Day 87: Dahomey history lesson
John & Jenny
Mon 31 Jan 2011 05:56
Day 87: Sunday 30 January 2011. Chez Monique, Abomey, Benin. N07 11.869 E001 58.822. Distance driven 0 km
I am not handling the hot and humid tropics very well. You are always wet and smelly; your clothes are constantly damp and smelly in spite of a complete change every day; bedding and pillows are damp and smelly. We are constantly having to hand wash clothes each day and, because of the humidity they never really dry so you start the day off with a clean shirt but it is damp to start with. Shirts end up with an irremovable black stain across the collar where the dust accumulates on the dampness of your neck!
Yesterday we spent the day with a tour of the museum and former palaces of the Kingdom of Dahomey. We were transported around on the back seats of motos, which was initially quite frightening. The museum was fascinating but I must say that I lost interest after that, being dragged around a series of broken mud ruins in the heat of the day with little shade. I ended the day dehydrated, very hungry, hot, sweaty and filthy and with a feeling that most of the day had been a waste of time and money, for me that is. The supposed "highlight" of the trip was to see the "sacred lions" in one of the palaces where their urine and excrement was collected to perform sacred rituals. The lions were quite pathetic, being contained in a concrete enclosure with hardly sufficient room for them turn around. They had open sores covered with flies and were quite mangy. It was totally inhumane and we all felt sorry that we had visited them, especially as our 5,000 CFA admission fee was to be spent on buying live calves for them to feed on. One got the impression that if there were insufficient tourists, the lions didn't get fed at all.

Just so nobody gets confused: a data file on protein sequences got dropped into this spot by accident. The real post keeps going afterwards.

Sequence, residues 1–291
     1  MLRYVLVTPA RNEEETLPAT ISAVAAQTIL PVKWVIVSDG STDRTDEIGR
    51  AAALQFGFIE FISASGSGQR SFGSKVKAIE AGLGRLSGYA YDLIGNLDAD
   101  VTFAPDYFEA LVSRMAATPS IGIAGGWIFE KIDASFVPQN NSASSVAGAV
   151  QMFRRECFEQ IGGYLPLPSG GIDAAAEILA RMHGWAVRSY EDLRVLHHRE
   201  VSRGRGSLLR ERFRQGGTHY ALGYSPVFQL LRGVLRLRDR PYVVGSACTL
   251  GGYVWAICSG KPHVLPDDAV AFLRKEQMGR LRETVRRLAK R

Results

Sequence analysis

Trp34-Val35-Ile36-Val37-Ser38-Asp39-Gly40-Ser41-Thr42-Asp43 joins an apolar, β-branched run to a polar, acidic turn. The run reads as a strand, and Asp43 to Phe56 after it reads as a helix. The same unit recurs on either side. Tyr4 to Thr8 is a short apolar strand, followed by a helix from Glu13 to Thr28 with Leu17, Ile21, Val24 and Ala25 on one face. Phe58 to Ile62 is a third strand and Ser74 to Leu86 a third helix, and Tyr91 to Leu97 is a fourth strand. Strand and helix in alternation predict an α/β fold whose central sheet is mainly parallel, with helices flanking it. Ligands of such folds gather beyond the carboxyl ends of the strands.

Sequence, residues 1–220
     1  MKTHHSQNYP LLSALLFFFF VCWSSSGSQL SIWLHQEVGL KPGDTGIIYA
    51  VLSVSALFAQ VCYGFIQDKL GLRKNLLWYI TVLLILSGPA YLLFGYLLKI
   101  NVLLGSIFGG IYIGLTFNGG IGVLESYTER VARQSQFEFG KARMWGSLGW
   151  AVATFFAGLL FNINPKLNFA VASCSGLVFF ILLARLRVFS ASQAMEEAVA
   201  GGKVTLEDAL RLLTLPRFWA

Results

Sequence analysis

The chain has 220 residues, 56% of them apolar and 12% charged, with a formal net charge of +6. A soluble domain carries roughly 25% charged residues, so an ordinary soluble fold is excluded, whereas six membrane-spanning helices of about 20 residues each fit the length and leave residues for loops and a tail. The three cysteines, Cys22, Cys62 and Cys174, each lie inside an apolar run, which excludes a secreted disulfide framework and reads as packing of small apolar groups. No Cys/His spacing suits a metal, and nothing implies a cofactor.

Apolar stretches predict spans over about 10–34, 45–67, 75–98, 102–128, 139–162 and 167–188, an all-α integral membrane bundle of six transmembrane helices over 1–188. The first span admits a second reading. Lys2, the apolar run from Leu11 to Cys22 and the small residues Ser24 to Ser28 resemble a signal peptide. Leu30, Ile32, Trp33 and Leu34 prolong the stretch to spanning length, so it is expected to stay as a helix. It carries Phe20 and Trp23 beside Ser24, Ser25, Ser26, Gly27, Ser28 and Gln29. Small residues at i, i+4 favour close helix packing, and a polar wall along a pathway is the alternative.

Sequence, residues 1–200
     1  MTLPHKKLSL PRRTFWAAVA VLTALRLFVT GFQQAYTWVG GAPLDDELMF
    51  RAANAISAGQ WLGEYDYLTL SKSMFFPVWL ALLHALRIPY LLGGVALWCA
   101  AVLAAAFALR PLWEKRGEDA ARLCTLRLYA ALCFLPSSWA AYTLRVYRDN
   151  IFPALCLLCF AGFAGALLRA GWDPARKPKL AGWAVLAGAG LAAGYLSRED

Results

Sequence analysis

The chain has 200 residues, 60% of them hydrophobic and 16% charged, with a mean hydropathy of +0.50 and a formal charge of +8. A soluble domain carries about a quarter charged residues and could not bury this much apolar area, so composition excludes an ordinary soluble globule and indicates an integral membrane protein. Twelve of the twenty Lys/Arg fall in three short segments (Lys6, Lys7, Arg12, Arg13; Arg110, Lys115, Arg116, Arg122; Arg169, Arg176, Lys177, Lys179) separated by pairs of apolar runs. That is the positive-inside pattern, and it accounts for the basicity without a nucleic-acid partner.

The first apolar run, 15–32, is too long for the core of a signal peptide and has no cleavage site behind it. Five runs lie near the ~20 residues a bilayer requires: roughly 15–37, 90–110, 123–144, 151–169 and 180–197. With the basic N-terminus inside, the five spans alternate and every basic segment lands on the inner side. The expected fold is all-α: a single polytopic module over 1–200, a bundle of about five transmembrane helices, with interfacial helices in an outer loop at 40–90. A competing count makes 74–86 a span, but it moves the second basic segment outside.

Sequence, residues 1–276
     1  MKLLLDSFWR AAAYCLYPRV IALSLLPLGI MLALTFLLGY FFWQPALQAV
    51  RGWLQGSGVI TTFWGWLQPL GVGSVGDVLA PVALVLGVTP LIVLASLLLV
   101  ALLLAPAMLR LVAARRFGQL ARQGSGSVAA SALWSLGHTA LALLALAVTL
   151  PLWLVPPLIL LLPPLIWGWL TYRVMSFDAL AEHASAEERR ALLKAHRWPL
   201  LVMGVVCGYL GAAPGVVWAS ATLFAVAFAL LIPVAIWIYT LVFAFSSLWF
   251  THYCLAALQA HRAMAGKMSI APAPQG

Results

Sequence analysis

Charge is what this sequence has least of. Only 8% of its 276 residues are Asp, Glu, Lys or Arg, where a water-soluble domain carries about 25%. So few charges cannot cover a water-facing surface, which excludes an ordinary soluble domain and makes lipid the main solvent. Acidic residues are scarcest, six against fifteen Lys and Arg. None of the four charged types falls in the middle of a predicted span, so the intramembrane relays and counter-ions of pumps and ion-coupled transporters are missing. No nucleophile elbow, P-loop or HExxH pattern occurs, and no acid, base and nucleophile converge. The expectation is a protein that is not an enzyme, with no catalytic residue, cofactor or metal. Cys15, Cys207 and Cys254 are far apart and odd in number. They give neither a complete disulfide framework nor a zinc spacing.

We ended the day with a very enjoyable braai with out new Swiss friends, Oliver and Corrine.
During the day we had tried out our new solar panel but the experiment was a total failure as this place is so well shaded that we couldn't find a spot which stayed in the sun all the time we were out. Consequently, the auxiliary battery is flat again